Where To Eat After A Run In Prospect Park
All the restaurant motivation you need to finish your run in Prospect Park.
Without Prospect Park, Brooklyn would just be a sea of houses, apartment buildings, and the occasional malnourished tree. And it’s still mostly just that - but if you ever want to smell fresh-mown grass and breath some air that isn’t full of car exhaust and pigeon feathers, this park is here for you. It’s a great place to go for a run, and once you’re sufficiently exhausted, there are plenty of places for a nearby meal. Here are 15 great options where you won’t feel self-conscious about the fact that you look like you just emerged from a humid rainforest.
Risbo is a unique counter-service spot with a full bar and a big backyard that looks like somewhere you’d want to drink some tea, cross your legs, and try out a new meditation app. It’s open all day, and it specializes in platters that come with your choice of protein (like chicken, lamb, or a whole fish) as well as a bunch of sides like hummus, plantains, and rice pilaf. Stop by when you want to eat a big tray of food while wearing whatever you just worked out in, and grab a cocktail if you feel like making a night of it.
If you’re running around Prospect Park on a weekend morning (or early afternoon), be sure to plan your run so that it ends around Gueros. Once there, order several of the best breakfast tacos you’ll encounter in NYC. And if you don’t happen to make it to this tiny neighborhood Mexican spot by 4pm on the weekend (the only time the breakfast tacos are available), don’t panic. You’ll still be able to get some very solid tacos with stuff like brisket and fried chicken, and you can pair them with a 20oz margarita.
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Pancakes, eggs, bacon, and more pancakes. That’s what you’ll find at Tom’s, a classic diner in Prospect Heights. This place has been around for decades, and it still gets packed at brunch - but they serve breakfast all day, so you can stop by anytime and pretend it’s 8am. Get some crab cakes, an omelet, or one of the roughly 15 kinds of pancakes (which taste like better versions of whatever you try to make at home). If you come here at brunch, you’ll probably encounter a wait, but just think of this as an opportunity to cool off, do some stretches, and teach a squirrel how to shake hands.
Cheryl's Global Soul
Sometimes, you just need a neighborhood spot where you can sit down and eat a burger or a piece of salmon. That’s what Cheryl’s Global Soul is for. It’s just north of Prospect Park, and the menu consists of things like roasted chicken, a few types of burgers, and steamed mussels in coconut curry. The space has colorful string lights, a little disco ball, and a bunch of wood paneling along one wall that makes the restaurant feel like a tiny log cabin, and it’s open all day. Come here after your run, do your best to wipe most of the sweat off your face, and grab a seat at the tiny bar in the back for some pancakes or roast chicken.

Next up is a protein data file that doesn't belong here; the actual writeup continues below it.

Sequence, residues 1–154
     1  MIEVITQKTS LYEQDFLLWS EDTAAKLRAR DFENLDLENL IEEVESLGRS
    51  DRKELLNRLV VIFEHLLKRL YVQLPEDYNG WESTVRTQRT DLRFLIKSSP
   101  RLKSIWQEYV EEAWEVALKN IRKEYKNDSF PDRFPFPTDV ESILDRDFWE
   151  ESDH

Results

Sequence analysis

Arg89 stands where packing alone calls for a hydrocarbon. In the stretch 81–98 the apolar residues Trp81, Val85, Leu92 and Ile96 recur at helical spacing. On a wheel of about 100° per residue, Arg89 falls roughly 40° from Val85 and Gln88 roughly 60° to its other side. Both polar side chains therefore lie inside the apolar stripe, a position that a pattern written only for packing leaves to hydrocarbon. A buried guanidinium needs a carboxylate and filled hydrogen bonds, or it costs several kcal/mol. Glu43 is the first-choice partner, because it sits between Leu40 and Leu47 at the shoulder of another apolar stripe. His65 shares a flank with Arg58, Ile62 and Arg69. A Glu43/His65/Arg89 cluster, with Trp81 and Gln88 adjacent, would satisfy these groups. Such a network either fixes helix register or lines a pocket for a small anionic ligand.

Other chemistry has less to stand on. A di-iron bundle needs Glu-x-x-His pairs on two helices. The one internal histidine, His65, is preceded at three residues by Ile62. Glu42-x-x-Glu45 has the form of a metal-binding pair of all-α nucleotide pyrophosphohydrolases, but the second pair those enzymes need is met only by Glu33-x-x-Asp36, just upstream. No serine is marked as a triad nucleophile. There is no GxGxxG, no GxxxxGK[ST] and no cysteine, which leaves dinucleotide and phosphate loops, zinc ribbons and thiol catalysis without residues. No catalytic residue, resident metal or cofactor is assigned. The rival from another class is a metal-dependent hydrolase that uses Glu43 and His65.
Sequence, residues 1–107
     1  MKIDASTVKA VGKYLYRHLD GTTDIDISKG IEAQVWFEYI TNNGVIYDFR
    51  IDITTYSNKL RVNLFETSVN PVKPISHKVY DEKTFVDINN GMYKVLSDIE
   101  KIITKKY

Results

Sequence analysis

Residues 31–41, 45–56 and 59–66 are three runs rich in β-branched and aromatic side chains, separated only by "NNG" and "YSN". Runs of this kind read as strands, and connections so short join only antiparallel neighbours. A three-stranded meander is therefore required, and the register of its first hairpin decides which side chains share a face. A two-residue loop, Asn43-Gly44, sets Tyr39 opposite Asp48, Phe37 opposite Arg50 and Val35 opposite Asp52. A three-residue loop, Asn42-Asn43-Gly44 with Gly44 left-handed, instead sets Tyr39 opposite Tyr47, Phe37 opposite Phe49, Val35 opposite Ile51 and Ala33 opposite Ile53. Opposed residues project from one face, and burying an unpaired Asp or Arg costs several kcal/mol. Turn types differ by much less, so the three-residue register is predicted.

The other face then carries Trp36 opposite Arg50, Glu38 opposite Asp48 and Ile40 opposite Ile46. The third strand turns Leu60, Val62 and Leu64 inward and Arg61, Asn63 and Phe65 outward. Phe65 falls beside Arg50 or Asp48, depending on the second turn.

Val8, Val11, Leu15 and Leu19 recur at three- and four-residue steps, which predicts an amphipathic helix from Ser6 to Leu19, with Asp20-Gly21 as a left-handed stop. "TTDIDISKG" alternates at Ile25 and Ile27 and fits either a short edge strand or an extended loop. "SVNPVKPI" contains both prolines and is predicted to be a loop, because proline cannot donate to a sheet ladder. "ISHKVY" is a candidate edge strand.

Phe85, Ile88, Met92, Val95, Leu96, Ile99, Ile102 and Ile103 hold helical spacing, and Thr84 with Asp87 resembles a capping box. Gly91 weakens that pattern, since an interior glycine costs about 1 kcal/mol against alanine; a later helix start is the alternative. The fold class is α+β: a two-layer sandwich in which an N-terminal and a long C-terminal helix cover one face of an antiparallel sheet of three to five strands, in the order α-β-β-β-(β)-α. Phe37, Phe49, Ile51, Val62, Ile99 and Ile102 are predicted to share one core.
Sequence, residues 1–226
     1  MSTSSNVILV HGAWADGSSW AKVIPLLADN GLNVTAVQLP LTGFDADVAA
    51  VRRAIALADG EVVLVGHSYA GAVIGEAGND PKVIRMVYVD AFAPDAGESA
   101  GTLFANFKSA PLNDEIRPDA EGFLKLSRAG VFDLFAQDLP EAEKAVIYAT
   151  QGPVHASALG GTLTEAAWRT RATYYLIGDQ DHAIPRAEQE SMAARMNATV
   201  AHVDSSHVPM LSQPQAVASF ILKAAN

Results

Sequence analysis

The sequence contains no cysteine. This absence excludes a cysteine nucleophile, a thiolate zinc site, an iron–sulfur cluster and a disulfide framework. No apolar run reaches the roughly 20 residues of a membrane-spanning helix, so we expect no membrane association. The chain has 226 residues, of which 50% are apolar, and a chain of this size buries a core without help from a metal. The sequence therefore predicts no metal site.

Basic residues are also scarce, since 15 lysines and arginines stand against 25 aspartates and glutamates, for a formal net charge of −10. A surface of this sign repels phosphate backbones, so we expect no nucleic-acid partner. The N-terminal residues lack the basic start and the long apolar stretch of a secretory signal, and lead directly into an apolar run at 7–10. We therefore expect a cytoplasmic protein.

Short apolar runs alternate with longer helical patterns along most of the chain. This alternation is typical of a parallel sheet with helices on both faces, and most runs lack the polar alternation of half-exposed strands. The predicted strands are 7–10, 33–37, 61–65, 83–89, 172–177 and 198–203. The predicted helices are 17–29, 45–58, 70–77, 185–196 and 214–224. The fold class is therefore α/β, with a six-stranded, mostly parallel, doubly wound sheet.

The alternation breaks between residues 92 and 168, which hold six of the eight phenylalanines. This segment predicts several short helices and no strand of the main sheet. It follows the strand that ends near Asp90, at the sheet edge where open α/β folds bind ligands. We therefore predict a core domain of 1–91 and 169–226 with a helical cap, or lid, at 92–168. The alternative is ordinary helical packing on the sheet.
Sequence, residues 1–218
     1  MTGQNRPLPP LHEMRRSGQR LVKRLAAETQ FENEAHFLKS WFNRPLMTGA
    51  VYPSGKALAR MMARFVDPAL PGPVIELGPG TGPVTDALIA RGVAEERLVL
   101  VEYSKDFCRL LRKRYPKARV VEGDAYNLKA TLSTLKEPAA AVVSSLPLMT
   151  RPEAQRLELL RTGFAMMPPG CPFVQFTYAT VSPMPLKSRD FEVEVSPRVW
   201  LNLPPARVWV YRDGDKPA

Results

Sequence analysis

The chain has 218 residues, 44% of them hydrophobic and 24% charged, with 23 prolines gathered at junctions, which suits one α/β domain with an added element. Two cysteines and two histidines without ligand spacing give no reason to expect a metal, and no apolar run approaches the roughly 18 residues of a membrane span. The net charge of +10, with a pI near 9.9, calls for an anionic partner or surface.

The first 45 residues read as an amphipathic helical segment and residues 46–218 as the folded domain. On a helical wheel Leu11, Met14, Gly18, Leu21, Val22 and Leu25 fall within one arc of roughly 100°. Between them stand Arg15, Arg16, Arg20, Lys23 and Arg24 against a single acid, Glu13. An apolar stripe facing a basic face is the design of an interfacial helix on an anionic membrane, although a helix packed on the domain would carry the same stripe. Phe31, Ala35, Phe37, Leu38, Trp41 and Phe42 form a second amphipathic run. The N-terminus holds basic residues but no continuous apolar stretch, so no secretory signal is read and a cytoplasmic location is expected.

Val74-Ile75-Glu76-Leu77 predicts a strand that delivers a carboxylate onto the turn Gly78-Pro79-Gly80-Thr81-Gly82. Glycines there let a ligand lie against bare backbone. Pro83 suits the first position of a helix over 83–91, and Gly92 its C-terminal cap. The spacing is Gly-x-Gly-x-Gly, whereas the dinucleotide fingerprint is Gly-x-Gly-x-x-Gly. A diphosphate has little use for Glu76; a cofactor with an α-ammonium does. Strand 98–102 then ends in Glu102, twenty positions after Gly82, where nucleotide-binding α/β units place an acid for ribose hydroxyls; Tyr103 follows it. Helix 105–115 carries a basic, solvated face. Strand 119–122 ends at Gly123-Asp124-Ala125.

Peppa's Jerk Chicken
You just ran several miles or at least sprinted for about thirty seconds or so, and now all you want from life is to be by yourself and eat a large portion of extremely good food. Go to Peppa’s, and order a large serving of jerk chicken over rice and peas. The chicken is juicy and smoky, and the hot sauce will make you feel like you just ingested a tablespoon of Sichuan peppercorns (in a good way). There aren’t any seats inside, but just take your food to go and eat on the bench in the park.
photo credit: Teddy Wolff
Soup and a sandwich. It’s a classic combo, like boredom and baseball games - except much better. If this is what you’re looking for, the option in the neighborhood is Lowerline, a tiny New Orleans-inspired restaurant in Prospect Heights with excellent gumbo and some po-boys worth running toward. You can get a combo of these things, or you can get some crawfish etouffee, fried shrimp, or a roast beef po-boy by itself. There are no wrong choices, and no one will judge you for looking like you just left a track and field meet.
photo credit: Phil Yoon
The best Mexican restaurant in Crown Heights, Chevela’s is one of our go-to-spots for brunch, tacos, margaritas, and often all three of these things at the same time. It’s a great spot for a weekend afternoon or a casual weeknight dinner, and there’s a long bar for when you need to sit by yourself and stare into a plate of rice, beans, steak, and fresh tortillas. The staff is friendly and, with its brick walls and chandeliers, the space feels like a laid-back apartment you somehow got access to.
Maybe you always end your runs at the bottom of the park because you like observing wedding photoshoots at the Greek-style building that looks like a mini Acropolis. If that’s the case, walk down to Krupa Grocery, an exceptional neighborhood restaurant with a great back patio. The ricotta pancakes are a mandatory order - but if you come at night, the ricotta gnocchi are a very safe choice. There are also about 20 other things on the menu (like pappardelle and a really good lamb burger), so you’ll have plenty of options.
photo credit: Noah Devereaux
Maybe you want pizza. That’s understandable. Pizza is very good food. It even received a stamp of approval from both Kevin Mccalister and John Travolta in Saturday Night Fever. If you’re looking for it on the east side of the park, your best bet is at Parkside. This place makes Neapolitan pizza, and our favorite is the one topped with mint, lamb sausage, and crispy onions. Sit at the long bar or grab a table along the wall, and start with an order of garlic knots.